I hate wasting time. It generates too many negative feelings - including wanting to never deal with that resource ever again. It's the same for our customers.
Although the worst examples of wasting time come from waiting around in doctors' offices, plenty abound elsewhere, including at retail.
If you think about what your customers experience and what their concerns are, I bet you can rapidly come up with ways to eliminate wasted time in your retail experience. The result: you will not only maximize waiting time, but also connect with customers. Not bad.
I've written about poor waiting experiences before [see Hall of Shame Inductee - LabCorp]. I've also touched on Waiting & the Retail Experience and the practices that 'bend' time or change customer perceptions about lapsed time [e.g., offer interaction, get rid of uncertainty, ensure companionship, and offer diversions].
As Disney Magic Or Common Sense - A Consumer-First Philosophy reminded me, the more you focus on your customer's experience, the better you can deliver value, maximize time and come up with solutions that truly delight. Now, that's exciting!
I noticed the following statement from that article: "... healthcare providers and manufacturers are choosing to run their businesses in a way that works for them, not the consumer." That brought to mind Customer Service Reality Check: Best Quality or Not? which represented an example of what not to do.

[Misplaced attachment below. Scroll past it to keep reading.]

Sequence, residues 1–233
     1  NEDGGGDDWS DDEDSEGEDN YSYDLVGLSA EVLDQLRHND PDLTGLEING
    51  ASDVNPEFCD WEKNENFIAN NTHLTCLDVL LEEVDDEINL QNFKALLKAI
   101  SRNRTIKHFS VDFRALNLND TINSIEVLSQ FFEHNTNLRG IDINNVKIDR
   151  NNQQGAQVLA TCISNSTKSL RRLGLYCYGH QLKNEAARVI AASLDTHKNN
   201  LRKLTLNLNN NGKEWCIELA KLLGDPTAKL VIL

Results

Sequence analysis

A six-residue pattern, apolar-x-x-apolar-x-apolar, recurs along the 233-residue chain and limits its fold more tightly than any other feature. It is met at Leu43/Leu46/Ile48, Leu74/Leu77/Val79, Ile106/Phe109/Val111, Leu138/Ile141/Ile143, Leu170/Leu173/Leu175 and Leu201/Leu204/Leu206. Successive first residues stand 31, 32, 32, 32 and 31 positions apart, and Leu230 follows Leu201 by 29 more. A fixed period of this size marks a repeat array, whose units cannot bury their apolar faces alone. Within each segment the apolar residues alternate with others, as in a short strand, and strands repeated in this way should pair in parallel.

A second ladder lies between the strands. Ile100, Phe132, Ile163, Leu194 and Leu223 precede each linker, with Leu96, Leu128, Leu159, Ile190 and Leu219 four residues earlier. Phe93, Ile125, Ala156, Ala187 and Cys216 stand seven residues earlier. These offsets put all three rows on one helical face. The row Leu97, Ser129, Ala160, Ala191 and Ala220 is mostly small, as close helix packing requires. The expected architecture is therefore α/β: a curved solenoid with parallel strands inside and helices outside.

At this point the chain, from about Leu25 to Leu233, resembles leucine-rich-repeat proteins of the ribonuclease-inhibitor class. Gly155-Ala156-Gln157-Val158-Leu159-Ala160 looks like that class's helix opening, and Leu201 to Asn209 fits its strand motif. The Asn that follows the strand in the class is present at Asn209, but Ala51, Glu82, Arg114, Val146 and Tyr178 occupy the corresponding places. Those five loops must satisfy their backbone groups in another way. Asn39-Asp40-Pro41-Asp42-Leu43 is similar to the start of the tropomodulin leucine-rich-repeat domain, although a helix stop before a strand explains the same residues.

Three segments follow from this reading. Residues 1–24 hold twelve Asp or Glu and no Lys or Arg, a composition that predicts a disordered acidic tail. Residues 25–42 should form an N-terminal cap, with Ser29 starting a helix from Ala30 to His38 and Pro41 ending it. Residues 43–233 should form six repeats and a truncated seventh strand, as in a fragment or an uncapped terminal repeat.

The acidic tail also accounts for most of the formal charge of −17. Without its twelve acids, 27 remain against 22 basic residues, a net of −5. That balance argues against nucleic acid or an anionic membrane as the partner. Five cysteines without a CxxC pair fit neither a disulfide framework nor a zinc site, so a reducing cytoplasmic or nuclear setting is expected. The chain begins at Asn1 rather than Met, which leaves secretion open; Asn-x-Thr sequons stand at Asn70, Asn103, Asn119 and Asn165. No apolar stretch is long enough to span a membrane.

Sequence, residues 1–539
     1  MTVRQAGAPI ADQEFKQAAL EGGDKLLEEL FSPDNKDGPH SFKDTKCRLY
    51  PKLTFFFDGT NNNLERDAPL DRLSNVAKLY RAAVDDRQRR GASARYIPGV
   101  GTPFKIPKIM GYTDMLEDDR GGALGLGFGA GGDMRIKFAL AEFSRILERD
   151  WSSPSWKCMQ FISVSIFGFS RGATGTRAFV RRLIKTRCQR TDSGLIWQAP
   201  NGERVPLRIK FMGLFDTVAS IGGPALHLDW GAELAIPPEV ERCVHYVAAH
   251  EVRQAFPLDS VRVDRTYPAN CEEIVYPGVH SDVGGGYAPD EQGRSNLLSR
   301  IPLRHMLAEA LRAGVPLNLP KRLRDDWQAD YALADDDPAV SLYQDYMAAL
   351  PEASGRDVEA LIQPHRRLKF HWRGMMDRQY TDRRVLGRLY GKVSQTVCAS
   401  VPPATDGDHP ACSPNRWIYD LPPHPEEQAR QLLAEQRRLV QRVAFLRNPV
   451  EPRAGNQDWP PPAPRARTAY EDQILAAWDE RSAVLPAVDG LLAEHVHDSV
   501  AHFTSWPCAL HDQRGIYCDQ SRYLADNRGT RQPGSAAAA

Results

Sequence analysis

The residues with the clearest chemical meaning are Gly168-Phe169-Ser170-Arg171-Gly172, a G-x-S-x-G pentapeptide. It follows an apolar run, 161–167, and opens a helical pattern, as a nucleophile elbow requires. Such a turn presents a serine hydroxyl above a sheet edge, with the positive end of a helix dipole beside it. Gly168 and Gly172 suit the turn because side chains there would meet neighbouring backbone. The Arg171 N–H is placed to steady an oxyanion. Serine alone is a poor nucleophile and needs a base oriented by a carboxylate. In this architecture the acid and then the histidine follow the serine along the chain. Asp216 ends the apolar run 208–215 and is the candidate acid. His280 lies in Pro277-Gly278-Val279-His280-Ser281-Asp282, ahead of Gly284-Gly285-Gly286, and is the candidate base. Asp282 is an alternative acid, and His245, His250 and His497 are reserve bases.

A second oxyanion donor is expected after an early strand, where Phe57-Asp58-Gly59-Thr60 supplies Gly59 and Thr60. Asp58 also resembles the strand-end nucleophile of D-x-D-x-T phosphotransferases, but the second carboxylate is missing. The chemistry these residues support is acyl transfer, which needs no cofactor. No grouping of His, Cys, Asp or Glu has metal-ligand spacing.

Would you issue such a letter? How do you go about communicating change and possibly inconvenient-for-your-customer news?
Waiting Rooms Aren't Just for Waiting brings up ways to make better use of waiting rooms by converting the space into a learning center with educational tools that appeal to customers [aka patients] and even offer the means of measuring progress.
I bet 'waiting room' opportunities exist in your business. How do you deal with them? How have you transformed them into opportunities for connecting with customers and maximizing waiting time?
Here are a few examples that come to mind:
- Transform your showroom bathrooms into vignettes.
- Offer ideabooks and video customer testimonials.
- Create an area in your store with idea boards, vignettes, color stories...
- Dedicate a space in your showroom for customers to go online to read articles you've written, examine photos of previous jobs, and sign up for email updates.
- Create tip sheets and offer hard copy, as well as a digital version, to customers.
- Ensure that you create meeting reminders in Outlook for any customer appointments. Then, call to confirm the meeting an hour or two before the meeting.
What else do you see being effective?
As you're considering examples and ideas, I think you'll enjoy this YouTube video from John Lewis, a UK retailer. It's powerful and casts new meaning on time and 'giving'!
Subscribers, click on John Lewis Christmas Advert 2011 to view on YouTube.
Thanks for reading.